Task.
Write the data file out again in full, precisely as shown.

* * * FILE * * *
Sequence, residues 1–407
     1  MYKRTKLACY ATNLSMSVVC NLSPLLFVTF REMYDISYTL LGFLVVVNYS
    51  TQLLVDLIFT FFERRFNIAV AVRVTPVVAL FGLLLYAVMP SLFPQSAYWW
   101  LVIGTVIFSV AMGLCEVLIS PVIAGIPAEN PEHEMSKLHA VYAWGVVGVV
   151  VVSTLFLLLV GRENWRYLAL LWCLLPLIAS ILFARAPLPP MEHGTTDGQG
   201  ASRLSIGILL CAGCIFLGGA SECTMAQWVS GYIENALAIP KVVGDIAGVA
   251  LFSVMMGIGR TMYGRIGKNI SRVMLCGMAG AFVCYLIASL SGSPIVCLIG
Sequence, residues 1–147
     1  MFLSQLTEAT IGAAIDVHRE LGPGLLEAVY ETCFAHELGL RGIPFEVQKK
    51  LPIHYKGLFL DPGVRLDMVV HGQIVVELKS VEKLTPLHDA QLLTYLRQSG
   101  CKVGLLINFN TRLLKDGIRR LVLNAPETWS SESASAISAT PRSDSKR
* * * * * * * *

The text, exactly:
Sequence, residues 1–407
     1  MYKRTKLACY ATNLSMSVVC NLSPLLFVTF REMYDISYTL LGFLVVVNYS
    51  TQLLVDLIFT FFERRFNIAV AVRVTPVVAL FGLLLYAVMP SLFPQSAYWW
   101  LVIGTVIFSV AMGLCEVLIS PVIAGIPAEN PEHEMSKLHA VYAWGVVGVV
   151  VVSTLFLLLV GRENWRYLAL LWCLLPLIAS ILFARAPLPP MEHGTTDGQG
   201  ASRLSIGILL CAGCIFLGGA SECTMAQWVS GYIENALAIP KVVGDIAGVA
   251  LFSVMMGIGR TMYGRIGKNI SRVMLCGMAG AFVCYLIASL SGSPIVCLIG
Sequence, residues 1–147
     1  MFLSQLTEAT IGAAIDVHRE LGPGLLEAVY ETCFAHELGL RGIPFEVQKK
    51  LPIHYKGLFL DPGVRLDMVV HGQIVVELKS VEKLTPLHDA QLLTYLRQSG
   101  CKVGLLINFN TRLLKDGIRR LVLNAPETWS SESASAISAT PRSDSKR